The U.S. State Department has issued a travel alert covering all of Europe for the period of May 1 to September 1, 2017. The alert is meant to warn Americans traveling to the continent of potential terrorist attacks that can occur with no warning. Several European countries are popular destinations for American tourists, and what effect the travel alert will have on tourism over this summer remains to be seen.
U.S. currently has standing travel warnings for dozens of countries, other than Europe. In addition, the State Department also issues much stronger warnings. In fact, the U.S. government does not want you to visit as much as 41 countries across the world!
Travel alerts are typically short-term and meant to inform travelers of events in the region that could affect their safety. The more severe travel warnings are issued when the government wants travelers to consider very carefully whether to visit that country at all.
Travel warnings can also vary in severity based on a variety of reasons. Many countries from the Middle East and Africa are on this due to the threat of terrorism and dangers of social and political instability. A few such countries include Egypt, Yemen, Syria and the Democratic Republic of the Congo.
Mexico and Colombia both have standing travel warnings thanks to widespread drug trafficking violence and kidnappings for ransom. Still, there are parts of these countries which are quite safe, and millions of Americans visit these countries every year.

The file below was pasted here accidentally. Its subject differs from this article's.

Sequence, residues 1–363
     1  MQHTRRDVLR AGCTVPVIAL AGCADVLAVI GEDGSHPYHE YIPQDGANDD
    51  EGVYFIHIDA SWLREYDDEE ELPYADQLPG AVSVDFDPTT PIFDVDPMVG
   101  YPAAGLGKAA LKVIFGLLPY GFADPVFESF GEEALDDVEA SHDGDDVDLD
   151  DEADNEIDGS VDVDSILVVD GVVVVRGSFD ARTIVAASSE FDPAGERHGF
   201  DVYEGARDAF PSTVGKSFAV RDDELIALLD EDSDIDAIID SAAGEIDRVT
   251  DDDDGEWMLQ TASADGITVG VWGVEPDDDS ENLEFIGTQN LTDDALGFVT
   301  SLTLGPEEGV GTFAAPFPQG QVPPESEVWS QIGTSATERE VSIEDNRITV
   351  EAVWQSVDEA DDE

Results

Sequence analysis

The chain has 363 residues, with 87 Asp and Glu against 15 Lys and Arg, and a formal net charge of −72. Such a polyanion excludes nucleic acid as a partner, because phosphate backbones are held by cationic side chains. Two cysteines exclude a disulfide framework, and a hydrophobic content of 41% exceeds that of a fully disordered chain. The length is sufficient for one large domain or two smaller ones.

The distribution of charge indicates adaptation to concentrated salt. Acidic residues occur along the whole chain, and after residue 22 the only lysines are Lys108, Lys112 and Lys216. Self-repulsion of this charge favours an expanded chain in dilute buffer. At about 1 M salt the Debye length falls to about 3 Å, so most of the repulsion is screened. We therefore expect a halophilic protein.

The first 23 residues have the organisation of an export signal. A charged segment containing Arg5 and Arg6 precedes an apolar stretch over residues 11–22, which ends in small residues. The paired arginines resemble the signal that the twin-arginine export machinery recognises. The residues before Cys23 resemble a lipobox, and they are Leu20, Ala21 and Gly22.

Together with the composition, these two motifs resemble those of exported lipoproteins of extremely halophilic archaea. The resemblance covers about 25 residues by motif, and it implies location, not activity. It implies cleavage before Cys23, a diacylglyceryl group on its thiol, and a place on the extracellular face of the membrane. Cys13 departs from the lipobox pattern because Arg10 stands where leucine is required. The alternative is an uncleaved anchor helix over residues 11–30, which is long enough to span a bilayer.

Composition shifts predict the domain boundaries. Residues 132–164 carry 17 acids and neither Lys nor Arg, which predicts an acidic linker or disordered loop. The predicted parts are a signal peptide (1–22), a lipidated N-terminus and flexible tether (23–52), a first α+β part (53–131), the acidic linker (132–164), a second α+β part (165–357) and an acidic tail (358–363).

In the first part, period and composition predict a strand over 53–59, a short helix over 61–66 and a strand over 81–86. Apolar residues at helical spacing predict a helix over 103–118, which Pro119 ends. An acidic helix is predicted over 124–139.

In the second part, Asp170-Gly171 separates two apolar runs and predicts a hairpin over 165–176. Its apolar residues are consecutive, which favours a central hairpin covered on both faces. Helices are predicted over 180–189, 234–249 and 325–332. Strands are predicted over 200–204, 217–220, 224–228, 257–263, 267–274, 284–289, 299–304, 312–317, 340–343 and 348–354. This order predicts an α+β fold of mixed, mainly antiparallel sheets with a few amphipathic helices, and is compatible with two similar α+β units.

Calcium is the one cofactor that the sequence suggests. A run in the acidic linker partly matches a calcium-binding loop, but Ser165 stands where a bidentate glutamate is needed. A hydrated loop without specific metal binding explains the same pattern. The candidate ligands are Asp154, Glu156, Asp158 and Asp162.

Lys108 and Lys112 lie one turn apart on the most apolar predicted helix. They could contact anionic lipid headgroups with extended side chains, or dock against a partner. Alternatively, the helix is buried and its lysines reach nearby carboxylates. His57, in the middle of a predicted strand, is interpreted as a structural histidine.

These are the top 3 countries the U.S. government doesn’t want you to visit.
As with some other nations in the region, terrorist threats are the primary worry for Americans traveling in Afghanistan. Extremist groups like the ISIS and Taliban, are present throughout the country. Western coalition forces have been waging war in Afghanistan since 2001 against al-Qaida and Taliban forces. Traveling to any part of the country can be fraught with risk. Travelers run the risk of improvised explosive devices, gunfire(direct and indirect) or risk kidnapping and taken hostages.
Even with a typically heavy police presence in the major urban centers of Algeria, cities across the nation are highly vulnerable to terrorist threats. Organizations with links to ISIS and al-Qaida operate within the country. Terrorist bombings and kidnappings regularly occur near the country’s eastern and southern borders.
In the aftermath of the deadly terrorist attack in July 2016 at a restaurant frequented by foreigners, the U.S. State Department intensified its travel warning for travel in Bangladesh. With the continued terror threat in the country, even U.S. government officials are prohibited from traveling in open air vehicles, visiting public places and attending large gatherings.
The dangers of traveling in these countries is certainly not limited only to Americans or even just to travelers. Often, the conditions that make travel dangerous also make daily lives of the local population challenging and dangerous.
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